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Ireland suspends AstraZeneca vaccine amid blood clot reports

  • ASSOCIATED PRESS
                                A health worker administers a dose of the AstraZeneca vaccine against COVID-19 to a patient inside the convention center known as “La Nuvola,” The Cloud, in Rome on March 10. Irish health officials have recommended the temporary suspension of the AstraZeneca vaccine after reports of serious blood clotting after inoculations in Norway.

    ASSOCIATED PRESS

    A health worker administers a dose of the AstraZeneca vaccine against COVID-19 to a patient inside the convention center known as “La Nuvola,” The Cloud, in Rome on March 10. Irish health officials have recommended the temporary suspension of the AstraZeneca vaccine after reports of serious blood clotting after inoculations in Norway.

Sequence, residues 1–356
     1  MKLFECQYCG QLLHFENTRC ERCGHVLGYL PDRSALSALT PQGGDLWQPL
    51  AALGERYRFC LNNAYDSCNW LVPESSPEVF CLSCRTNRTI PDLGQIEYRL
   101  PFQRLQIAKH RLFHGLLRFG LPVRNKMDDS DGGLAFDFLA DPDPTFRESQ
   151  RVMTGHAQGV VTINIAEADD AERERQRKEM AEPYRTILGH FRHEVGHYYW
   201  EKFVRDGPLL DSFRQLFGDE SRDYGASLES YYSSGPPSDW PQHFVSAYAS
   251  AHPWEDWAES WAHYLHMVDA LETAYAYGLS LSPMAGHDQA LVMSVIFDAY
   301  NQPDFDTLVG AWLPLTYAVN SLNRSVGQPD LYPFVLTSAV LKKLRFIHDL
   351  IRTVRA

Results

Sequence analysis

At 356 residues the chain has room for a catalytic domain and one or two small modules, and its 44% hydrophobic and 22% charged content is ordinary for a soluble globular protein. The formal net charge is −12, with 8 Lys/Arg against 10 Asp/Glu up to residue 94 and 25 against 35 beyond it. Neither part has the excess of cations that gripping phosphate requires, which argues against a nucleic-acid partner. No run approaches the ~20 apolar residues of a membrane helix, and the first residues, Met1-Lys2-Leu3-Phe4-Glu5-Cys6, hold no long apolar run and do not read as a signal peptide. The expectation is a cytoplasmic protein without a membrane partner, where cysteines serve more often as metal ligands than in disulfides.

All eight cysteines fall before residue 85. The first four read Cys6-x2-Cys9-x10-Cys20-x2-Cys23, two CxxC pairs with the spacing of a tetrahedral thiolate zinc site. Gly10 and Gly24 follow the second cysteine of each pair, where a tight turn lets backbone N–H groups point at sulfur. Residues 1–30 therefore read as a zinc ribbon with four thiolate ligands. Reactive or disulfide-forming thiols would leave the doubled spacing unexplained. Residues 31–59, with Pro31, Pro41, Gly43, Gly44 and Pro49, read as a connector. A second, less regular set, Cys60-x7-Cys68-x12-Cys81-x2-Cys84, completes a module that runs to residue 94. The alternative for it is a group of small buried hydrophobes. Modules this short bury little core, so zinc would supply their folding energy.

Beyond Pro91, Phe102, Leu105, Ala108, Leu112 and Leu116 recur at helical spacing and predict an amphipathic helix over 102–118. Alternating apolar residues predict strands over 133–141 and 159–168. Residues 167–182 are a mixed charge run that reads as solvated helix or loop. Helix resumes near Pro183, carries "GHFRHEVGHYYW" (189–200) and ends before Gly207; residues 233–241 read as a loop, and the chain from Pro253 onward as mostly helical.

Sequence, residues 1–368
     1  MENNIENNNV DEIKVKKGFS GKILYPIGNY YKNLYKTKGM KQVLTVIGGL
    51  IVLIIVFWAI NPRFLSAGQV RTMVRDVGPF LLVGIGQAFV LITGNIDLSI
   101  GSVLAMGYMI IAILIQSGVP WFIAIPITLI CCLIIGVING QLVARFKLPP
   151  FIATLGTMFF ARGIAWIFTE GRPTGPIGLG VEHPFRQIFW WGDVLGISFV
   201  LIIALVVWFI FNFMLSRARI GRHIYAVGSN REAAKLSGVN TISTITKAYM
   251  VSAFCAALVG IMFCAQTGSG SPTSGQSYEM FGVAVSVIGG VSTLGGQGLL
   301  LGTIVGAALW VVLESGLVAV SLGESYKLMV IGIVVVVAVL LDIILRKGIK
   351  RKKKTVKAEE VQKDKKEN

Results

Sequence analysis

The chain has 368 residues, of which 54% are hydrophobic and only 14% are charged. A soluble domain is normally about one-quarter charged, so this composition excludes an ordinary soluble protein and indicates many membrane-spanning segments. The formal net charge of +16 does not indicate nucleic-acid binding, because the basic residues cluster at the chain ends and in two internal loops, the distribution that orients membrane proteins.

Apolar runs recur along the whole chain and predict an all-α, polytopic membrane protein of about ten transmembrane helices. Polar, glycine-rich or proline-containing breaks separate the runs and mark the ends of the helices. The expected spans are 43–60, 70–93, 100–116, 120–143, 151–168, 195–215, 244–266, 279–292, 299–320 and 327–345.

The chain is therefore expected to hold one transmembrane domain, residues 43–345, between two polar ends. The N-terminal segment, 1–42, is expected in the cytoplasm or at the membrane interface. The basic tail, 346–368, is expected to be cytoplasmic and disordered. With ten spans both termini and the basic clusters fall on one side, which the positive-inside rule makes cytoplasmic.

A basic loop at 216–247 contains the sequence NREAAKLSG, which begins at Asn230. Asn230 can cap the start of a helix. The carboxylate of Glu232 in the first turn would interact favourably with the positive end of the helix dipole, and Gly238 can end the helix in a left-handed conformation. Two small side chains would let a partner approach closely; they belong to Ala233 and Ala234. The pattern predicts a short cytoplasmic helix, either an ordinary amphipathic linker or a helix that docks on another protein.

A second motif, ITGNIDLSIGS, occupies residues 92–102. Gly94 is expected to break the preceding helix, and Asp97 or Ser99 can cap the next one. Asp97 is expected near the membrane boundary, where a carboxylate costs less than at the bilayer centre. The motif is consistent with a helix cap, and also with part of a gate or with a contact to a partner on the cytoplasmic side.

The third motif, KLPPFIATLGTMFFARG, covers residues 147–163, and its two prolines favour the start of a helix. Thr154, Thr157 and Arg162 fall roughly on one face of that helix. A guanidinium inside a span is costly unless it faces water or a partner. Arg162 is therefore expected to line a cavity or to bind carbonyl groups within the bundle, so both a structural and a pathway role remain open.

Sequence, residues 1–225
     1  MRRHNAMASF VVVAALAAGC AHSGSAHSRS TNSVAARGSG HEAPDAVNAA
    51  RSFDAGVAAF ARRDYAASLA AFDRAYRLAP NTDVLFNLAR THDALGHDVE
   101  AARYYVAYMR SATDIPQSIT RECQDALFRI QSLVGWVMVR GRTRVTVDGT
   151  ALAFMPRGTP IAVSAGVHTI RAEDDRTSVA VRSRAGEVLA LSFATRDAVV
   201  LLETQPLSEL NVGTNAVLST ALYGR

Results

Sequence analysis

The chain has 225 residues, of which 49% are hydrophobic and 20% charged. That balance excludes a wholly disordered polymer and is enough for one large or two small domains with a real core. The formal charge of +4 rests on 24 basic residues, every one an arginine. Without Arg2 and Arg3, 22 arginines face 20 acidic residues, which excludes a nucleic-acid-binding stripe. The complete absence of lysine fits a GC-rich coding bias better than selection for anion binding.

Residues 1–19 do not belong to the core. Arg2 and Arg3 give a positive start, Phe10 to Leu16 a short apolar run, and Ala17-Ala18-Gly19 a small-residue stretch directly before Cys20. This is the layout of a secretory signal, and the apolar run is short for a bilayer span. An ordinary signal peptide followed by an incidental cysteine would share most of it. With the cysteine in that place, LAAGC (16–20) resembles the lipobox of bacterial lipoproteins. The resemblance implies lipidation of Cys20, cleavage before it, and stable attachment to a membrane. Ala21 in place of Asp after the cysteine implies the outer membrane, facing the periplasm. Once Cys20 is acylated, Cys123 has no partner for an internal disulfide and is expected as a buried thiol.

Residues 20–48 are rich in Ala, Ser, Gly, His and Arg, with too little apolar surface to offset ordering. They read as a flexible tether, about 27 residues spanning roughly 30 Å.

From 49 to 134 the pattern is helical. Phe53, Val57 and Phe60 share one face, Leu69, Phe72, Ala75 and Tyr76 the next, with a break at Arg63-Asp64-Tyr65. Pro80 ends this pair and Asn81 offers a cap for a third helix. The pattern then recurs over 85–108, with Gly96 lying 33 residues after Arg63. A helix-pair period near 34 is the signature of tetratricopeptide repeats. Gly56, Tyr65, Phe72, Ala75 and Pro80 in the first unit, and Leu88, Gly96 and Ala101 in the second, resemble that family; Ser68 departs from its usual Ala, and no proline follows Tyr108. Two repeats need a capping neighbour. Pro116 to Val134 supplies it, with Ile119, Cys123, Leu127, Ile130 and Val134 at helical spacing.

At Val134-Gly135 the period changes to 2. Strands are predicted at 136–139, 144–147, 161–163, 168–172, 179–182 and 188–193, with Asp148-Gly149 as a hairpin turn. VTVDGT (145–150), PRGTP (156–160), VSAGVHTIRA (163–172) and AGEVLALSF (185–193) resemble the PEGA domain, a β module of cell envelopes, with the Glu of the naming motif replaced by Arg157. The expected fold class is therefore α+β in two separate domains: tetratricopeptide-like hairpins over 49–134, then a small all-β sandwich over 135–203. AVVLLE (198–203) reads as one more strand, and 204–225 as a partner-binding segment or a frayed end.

LONDON (AP) — Irish health officials today recommended the temporary suspension of the AstraZeneca vaccine after reports of serious blood clotting after inoculations in Norway.

Dr. Ronan Glynn, Ireland’s deputy chief medical officer, said the recommendation was made after Norway’s medicines agency reported four cases of blood clotting in adults after receiving the AstraZeneca vaccine.

He said that while there was no conclusive link between the vaccine and the cases, Irish health officials are recommending the suspension of the vaccine’s rollout as a precaution.

Danish, Norwegian and Icelandic authorities have taken similar precautionary steps. The World Health Organization and the European Union’s medicines regulator said earlier in the week that there was no link between the jab and an increased risk of developing a clot.

The U.K.’s medicines regulator, the MHRA, said Thursday that “reports of blood clots received so far are not greater than the number that would have occurred naturally in the vaccinated population” and that “available evidence does not confirm that the vaccine is the cause.”

It said people should still go and get their COVID-19 vaccine when asked to do so.

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